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ESPN Exhales

Consider Chuck Pagano a kind of futurist. At this year's NAB, ESPN's senior vice president of technology, engineering, and operations will be searching for new ideas as well as new products.

"We'll look at everything from the 30,000-foot level," he says. "We'll be casual observers of where the trends are going."

That's because his shopping list is not nearly as extensive as it was last year. Pagano and ESPN spent 2003 outfitting the network's 120,000-square-foot digital facility in Stamford, Conn., a project expected to be completed by April. "Most of the shopping list for the digital center will be extinguished by then," he says. "We'll have a minimal presence at NAB, probably less than eight people."

Pagano and his team have been hard at work putting the systems acquired last year in place, so if he seems a little tired when he gets to Vegas, it's for good reason.

"Right now, the event horizon is in my lap," said Pagano. "Ninety-nine percent of my attention is going to be on the new facility over the next couple months."

That leaves about 1% of his time for NAB, but it's time he plans on using well.

High-definition gear will no doubt be near the top of his list since adding more HD programming will no doubt help the network gain carriage deals and drive more regional sports networks to consider HD production.

Along with the opening of the new digital center, SportsCenter, the network's flagship program, will begin production in HD in early spring. The network will also air 185 HD events in 2004, up from 100 since it began HD transmission about a year ago, although Pagano's role in getting HD to air has already been accomplished.

"Once you have the systems in place, it's a matter of having the content in high-definition," he says, adding that acquiring more sports coverage in high-definition will improve the on-air quality of the highlight-heavy SportsCenter.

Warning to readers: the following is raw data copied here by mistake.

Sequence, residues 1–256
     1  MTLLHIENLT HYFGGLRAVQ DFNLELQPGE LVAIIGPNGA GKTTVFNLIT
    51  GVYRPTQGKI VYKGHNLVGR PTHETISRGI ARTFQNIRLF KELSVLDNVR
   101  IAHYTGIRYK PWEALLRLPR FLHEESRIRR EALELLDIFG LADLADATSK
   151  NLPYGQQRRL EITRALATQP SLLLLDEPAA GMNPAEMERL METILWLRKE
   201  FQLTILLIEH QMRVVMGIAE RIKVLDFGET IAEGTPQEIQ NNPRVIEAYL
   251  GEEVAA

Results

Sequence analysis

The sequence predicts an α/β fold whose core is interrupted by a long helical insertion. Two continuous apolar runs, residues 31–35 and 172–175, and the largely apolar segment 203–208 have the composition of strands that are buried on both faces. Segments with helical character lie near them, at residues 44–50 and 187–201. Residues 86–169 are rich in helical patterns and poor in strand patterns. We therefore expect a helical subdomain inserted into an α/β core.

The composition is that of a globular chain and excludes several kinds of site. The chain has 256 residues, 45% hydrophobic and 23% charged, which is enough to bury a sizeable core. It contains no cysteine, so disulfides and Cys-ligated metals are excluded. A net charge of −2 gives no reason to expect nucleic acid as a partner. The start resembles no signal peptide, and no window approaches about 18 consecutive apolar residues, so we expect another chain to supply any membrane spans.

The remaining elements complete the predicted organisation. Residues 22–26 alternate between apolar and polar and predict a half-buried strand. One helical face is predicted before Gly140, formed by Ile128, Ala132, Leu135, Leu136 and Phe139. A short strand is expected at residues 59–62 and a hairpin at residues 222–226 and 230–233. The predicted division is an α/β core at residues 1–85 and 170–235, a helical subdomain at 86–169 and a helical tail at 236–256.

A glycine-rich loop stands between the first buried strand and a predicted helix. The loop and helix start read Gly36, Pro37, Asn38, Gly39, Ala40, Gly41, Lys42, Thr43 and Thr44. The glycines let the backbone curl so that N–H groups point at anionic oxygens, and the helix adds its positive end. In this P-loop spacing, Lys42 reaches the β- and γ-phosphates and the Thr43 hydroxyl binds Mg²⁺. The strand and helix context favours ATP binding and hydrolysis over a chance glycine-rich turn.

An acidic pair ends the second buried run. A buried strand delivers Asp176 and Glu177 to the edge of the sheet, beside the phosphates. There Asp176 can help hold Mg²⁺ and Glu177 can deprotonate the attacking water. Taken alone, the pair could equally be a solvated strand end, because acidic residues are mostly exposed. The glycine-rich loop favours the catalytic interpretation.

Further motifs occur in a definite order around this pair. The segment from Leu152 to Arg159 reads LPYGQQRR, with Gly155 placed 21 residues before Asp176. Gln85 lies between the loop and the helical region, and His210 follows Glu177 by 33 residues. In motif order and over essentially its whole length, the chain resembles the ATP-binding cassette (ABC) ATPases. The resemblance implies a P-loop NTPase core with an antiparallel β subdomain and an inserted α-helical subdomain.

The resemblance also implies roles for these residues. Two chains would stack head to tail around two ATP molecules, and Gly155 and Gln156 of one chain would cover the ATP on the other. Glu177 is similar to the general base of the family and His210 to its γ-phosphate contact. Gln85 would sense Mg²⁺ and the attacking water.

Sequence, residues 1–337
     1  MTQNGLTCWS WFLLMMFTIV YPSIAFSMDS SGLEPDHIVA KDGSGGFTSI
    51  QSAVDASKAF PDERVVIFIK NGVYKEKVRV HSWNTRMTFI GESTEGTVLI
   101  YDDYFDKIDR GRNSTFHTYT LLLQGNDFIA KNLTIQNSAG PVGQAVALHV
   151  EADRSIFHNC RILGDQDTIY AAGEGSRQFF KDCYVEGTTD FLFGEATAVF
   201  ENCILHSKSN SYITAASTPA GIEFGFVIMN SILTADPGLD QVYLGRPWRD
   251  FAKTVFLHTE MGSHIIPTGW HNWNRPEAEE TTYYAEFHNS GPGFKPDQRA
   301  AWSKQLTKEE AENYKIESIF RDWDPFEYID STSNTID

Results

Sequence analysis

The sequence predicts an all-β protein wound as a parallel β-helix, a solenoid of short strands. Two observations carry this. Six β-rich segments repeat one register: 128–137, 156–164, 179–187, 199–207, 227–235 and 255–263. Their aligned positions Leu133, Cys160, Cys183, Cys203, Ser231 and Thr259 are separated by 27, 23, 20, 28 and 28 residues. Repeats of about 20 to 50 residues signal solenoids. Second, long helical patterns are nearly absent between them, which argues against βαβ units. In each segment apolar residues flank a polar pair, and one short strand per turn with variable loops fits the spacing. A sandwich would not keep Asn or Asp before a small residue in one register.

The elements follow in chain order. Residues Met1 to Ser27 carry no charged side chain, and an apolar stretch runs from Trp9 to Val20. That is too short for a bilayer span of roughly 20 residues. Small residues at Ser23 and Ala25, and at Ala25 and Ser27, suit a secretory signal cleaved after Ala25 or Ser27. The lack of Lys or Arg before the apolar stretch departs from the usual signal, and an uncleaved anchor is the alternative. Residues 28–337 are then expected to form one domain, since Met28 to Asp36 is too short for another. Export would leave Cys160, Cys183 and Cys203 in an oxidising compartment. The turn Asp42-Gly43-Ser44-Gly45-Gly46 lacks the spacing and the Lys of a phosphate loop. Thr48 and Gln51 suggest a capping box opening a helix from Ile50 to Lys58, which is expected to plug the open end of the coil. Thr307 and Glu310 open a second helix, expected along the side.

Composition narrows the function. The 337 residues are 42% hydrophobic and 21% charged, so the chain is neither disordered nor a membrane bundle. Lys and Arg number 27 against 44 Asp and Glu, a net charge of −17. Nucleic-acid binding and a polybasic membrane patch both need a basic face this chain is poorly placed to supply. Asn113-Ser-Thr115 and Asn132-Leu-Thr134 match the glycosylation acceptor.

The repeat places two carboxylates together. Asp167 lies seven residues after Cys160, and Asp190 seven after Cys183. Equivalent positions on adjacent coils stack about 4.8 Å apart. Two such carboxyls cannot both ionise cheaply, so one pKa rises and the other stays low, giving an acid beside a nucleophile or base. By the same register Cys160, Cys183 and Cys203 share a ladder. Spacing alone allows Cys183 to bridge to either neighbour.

This doesn't mean Pagano and his NAB contingent will spend the week at the craps tables. He has several areas of technology he plans to investigate in Las Vegas. "I'll still be looking at what technologies are in development. Two years ago, it was blue laser for high-capacity DVD. I want to know what the next version is."

Optical storage is just the beginning. Pagano cites graphics as another area for ESPN to watch closely. "It's a very important part of what we do." He also has ENG cameras and portable nonlinear editing systems on his wish list. In both cases, he says, smaller is better as he tries to make life easier for his crews.

Other technologies grabbing his attention include automation, which ESPN will use as a digital assistant rather than as a primary means of control. And since ESPN doesn't own the trucks that produce its HD feeds from remote events, he'll check out truck technology.

Pagano says he has learned one very important lesson in the past year: "Digital is not easier than analog. The opportunities and the technology cycles are so short that wholesale changes become the norm.

"No matter how easy the change seems," he adds, "it's never that easy. It requires technology and behavioral changes up and downstream. Getting people used to new ways of doing the work is the hardest part."